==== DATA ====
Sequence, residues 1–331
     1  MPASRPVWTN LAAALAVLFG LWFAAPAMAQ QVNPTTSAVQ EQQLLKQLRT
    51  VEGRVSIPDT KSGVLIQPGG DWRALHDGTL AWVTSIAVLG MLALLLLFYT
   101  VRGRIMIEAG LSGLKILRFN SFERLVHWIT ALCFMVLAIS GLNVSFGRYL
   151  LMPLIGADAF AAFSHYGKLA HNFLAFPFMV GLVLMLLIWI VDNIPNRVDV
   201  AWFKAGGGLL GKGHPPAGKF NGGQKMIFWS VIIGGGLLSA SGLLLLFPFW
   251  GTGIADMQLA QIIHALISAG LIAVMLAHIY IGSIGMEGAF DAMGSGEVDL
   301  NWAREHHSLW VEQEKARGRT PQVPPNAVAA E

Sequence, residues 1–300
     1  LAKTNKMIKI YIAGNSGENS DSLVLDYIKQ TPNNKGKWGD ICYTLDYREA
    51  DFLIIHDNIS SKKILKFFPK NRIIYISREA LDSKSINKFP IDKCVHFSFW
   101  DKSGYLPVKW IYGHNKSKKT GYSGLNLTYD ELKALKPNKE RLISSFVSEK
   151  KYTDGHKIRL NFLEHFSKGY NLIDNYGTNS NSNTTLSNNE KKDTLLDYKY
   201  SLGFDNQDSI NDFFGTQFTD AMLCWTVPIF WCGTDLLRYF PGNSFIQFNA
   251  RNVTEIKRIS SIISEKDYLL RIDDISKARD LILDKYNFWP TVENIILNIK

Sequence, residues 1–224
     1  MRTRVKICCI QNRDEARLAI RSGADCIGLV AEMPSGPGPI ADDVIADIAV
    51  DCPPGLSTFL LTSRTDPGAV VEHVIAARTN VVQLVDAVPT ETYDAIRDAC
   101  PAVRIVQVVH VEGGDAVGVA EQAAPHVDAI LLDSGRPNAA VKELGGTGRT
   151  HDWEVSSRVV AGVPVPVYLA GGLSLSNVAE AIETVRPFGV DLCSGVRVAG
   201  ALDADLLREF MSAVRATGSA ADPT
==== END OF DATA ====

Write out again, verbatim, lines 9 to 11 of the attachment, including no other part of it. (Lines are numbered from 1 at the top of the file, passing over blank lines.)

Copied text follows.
Sequence, residues 1–300
     1  LAKTNKMIKI YIAGNSGENS DSLVLDYIKQ TPNNKGKWGD ICYTLDYREA
    51  DFLIIHDNIS SKKILKFFPK NRIIYISREA LDSKSINKFP IDKCVHFSFW